After a month of controversy over its choice of China as Guest of Honor, this year’s Frankfurt Book Fair has finally opened, as Vice President Xi Jinping meets with German Chancellor Angela Merkel in Berlin. AFP reports on the fair’s efforts to honor freedom of expression despite earlier attempts by China to censor dissident voices:
Gottfried Honnefelder, president of the German publishers and booksellers association, told the opening press conference he hoped “our colleagues, the authors and publishers in China, will be given the freedoms they need to live their lives and do their work.”
Fair director Juergen Boos said the trade show had to “make sure we can present many voices,” and said he looked forward to a “controversial and not always convenient book fair.”
Dissident Chinese poet Bei Ling told another press briefing he and others wanted visitors to the fair to hear not only the “officials writers voice.
“We have another voice, this underground literature voice, underground poetry,” Bei said at an event sponsored by The International Society for Human Rights.
Both Xi and Merkel spoke at the opening, and, as DPA reports, presented slightly differing views of the role of literature:
“Various ideologies must not hamper mutual development,” he said, as Chinese in the audience clapped, while the German guests in a theatre at the Frankfurt fairgrounds listened impassively.
“We are open to accepting elements from outside, but on our own cultural foundations,” Xi said.
A few moments later, Merkel won applause from the German side of the room with a plea for competition of ideas. Describing her own childhood under the now vanished East German communist dictatorship, she said people had yearned for books smuggled in from the West.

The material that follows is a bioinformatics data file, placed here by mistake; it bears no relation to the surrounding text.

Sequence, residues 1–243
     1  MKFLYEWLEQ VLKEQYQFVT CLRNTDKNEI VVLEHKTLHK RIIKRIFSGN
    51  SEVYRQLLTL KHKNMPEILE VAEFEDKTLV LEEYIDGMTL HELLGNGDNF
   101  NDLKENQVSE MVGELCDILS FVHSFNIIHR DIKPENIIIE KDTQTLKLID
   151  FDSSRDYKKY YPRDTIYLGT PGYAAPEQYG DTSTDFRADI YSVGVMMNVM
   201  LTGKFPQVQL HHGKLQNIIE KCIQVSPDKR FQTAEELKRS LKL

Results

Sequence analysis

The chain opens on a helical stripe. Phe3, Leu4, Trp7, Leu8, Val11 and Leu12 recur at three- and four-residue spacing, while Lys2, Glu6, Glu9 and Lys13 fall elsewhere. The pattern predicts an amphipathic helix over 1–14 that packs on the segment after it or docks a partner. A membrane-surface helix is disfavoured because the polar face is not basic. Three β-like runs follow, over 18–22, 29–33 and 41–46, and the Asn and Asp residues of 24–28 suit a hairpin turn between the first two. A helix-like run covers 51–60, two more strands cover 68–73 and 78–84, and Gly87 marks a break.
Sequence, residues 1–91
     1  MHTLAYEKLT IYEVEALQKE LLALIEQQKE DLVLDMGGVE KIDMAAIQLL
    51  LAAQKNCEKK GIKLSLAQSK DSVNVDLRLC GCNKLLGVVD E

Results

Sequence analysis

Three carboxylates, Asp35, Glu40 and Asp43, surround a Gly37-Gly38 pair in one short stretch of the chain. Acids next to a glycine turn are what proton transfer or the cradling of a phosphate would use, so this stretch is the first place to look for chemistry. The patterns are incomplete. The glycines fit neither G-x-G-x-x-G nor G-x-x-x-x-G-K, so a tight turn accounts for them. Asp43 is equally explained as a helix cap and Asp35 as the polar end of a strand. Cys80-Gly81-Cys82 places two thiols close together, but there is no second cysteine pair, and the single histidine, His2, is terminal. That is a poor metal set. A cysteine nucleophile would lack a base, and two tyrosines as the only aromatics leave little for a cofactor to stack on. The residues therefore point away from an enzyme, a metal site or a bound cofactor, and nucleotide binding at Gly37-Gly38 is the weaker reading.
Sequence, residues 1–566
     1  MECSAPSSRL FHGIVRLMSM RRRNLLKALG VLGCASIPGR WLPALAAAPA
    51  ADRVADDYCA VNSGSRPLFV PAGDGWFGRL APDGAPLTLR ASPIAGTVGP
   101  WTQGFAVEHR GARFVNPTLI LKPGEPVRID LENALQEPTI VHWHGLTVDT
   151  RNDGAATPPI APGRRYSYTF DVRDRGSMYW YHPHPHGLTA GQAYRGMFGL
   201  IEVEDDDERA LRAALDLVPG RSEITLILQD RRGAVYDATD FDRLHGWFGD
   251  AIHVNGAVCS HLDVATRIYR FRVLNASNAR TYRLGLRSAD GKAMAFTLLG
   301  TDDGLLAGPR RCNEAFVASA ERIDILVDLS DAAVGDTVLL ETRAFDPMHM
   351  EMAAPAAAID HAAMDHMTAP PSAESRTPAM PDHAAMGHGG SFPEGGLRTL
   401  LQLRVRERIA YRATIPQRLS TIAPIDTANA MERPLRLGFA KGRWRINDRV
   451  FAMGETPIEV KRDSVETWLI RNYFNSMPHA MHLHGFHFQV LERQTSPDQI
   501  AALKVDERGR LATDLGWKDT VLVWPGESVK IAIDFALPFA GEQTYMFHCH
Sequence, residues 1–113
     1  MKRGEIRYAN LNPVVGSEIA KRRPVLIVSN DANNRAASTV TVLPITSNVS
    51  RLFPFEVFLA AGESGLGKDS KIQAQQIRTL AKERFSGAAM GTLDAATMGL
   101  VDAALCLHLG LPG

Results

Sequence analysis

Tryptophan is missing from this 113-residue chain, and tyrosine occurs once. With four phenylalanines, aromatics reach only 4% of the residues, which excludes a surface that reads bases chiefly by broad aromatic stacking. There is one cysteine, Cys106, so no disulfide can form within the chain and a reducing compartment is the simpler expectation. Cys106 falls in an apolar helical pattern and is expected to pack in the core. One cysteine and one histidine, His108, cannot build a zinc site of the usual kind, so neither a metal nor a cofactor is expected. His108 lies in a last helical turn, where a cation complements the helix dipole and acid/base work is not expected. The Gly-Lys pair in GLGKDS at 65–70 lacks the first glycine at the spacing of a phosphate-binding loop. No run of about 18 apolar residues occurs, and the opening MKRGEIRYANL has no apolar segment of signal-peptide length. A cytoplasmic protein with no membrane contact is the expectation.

“Books emphasize all those differences that are so threatening to dictatorships,” she said.
Der Spiegel, meanwhile, visits authors and bookshops in China to gauge the state of literature in the country:
A huge army of censors — whose names and exact number remain unknown — watches over China’s media. Novelists are handled by a special government agency, the General Administration of Press and Publication (GAPP). The GAPP is the official partner of the Frankfurt Book Fair. It organizes the guest country program and has launched a number of initiatives, including donating half a million euros (roughly $739,000) in subsidies for the translation of Chinese novels into German.
The censors at the GAPP intervene when important leaders of the Communist Party are attacked, when ethnic minorities in the country are portrayed in a less than flattering manner, or if allusions are made to the student revolts of 1989. But the agency also acts to suppress pornography, or what passes as such in prudish China. In general, anything that could endanger the “stability and unity of China” is considered undesirable.
As in other communist states, books were the most incisive weapons of intellectual discourse in China until well into the 1990s. But for the past few years, the Internet has served as the main platform for intelligent and rebellious debate.
It is always hard to get an overview of what is happening in Chinese media, with 150,000 books published each year and millions of Chinese Web sites. But what is particularly confusing is that many ostensibly banned topics can now be discussed in Beijing without the authorities so much as batting an eye.
Xinhua fails to mention the controversy over the fair but outlines China’s role as Guest of Honor:
One of the aims of China’s role as the Guest of Honor is to take this opportunity to push the Chinese publishing industry outward, promote cooperation between Chinese and foreign publishers, strengthen Chinese products’ influence and competitiveness and achieve sound and fast development of the publishing industry, Liu Binjie said.
He also said the Guest-of-Honor activities would, in light of the principles of respecting cultural diversity and promoting global harmony and development, help the world know more about a friendly China dedicated to developing harmoniously.